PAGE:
Nepali Times Asian Paints
Music
The third ear


PRANAYA SJB RANA


Trikaal's latest offering, Trikaal 3: Global Waves, lives up to its name. The album's nine ethnic electronic tracks are lush with the sounds of the Australian didgeridoo, the African djembe, the south Asian flute and sarangi, and the guitar.

The record starts off with the soft Shanti River, a tribute to the river of peace. Ani Choying Dolma's soft, otherworldly Buddhist chant slowly gives way to Sujay Shrestha's acoustic strumming. Tabla maestro Navaraj Gurung deals out a steady beat and the tune lifts off with his staccato vocals. Ani Choying's ethereal voice and Santosh Shrestha's ishraj give this track moments of transcendence. The Ani is back again on track four, Jewels of Heaven, which builds slowly, with Ani Choying and Navaraj expertly playing off each others' vocals. It doesn\'t actually reach a peak, though, which makes for somewhat unsatisfying listening.

The album's standout track is Colours of East-West, which stars Bijaya Vaidya, Sur Sudha's virtuoso sitar player riffing with Sujay's guitar, against a backdrop of tabla and shaker. Rajendra Karna adds a sublime udo.

Trikaal Tantriks, a shortened version of Trikaal's most famous song, a 30 minute epic from Trikaal II, is instantly recognisable, particularly Nikhil Tuladhar's strong djembe and Shyam Nepali's slippery sarangi.

Jam Freak Street is Trikaal's nod to cheekiness. It starts out instantly recognisable as an interpretation of DJ Raju's phenomenally successful remix of Chyangba Hoi Chyangba. By the end, though, you're transported someplace rather different from the teenybopper discos and wedding parties evoked by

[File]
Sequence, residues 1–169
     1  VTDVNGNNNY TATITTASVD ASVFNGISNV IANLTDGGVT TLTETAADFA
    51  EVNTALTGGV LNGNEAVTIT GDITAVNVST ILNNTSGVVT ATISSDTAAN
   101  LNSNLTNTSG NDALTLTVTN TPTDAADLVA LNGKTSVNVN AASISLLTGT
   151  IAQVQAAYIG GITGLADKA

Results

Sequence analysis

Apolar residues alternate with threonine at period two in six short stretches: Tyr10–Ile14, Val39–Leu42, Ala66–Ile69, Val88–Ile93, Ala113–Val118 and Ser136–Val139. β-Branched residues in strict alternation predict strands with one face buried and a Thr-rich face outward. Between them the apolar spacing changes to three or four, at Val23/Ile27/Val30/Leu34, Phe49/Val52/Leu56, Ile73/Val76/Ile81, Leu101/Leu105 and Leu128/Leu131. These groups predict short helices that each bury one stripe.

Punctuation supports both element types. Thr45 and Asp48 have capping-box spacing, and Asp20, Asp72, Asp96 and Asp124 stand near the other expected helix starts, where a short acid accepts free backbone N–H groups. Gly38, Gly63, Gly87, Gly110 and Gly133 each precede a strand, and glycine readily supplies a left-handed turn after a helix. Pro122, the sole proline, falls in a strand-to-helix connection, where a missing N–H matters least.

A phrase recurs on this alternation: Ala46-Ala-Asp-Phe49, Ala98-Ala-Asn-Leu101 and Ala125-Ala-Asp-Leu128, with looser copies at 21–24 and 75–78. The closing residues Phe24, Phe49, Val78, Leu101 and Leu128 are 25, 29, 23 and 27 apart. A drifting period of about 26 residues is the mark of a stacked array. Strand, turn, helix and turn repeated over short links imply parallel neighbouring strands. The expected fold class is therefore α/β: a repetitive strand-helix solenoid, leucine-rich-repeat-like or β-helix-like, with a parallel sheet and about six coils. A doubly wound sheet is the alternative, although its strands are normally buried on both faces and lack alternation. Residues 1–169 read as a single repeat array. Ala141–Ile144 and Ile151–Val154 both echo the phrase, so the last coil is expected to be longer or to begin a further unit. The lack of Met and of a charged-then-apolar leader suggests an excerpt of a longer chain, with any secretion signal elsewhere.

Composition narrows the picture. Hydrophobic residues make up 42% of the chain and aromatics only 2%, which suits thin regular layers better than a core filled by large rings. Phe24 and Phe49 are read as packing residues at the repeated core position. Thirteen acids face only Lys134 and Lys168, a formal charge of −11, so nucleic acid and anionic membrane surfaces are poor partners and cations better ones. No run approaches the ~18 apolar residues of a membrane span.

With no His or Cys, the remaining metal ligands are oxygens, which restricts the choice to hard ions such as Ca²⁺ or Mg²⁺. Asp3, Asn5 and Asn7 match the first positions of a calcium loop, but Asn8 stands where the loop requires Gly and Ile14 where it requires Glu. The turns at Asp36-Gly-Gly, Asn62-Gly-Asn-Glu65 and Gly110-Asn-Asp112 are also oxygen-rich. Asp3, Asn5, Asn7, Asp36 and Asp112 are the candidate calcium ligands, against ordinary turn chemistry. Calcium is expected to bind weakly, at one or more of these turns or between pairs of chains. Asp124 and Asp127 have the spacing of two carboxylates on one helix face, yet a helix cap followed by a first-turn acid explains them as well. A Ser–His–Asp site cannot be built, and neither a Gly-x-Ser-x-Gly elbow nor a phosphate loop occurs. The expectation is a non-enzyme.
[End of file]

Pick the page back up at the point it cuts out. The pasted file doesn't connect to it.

the original.

The album closes with Trikaal Air, eight minutes of classic ethnic-influenced electronic dance music composed by didgeridoo player Salil Kanika and Navaraj Gurung. There are hints of Asian underground sounds, Thievery Corporation, and the odd blips of a speedy Mad Professor, but the end result is a sound unto itself. The electronic beats, didgeridoo, tabla, and ishraj almost don't work, but various elements of surprise, like the harmonica cameo by Girish Subedi of the rock band Mukut, the scatting, and the densely textured sound come together after all. Trikaal Air refers to the earlier tracks and sounds like an homage to the entire album.

Trikaal 3: Global Waves is available through SAC Music International, www.sacmusicnepal.com.
With this album, Trikaal manage, in a small way, to transcend time, as they promise in their closing track, fusing the ethnic past with the electronic present and future. "Our music transcends our identities," says Navaraj. "Trikaal is not a band. It has no permanent members, we are just musicians performing under a common banner. Any of us may leave, but Trikaal will go on," he says.

This isn't a perfect album, to be sure-the transitions between the different styles suggested by the various instruments can be choppy. But what Trikaal do manage is to be cosmopolitan while remaining Nepali in essence.



LATEST ISSUE
638
(11 JAN 2013 - 17 JAN 2013)


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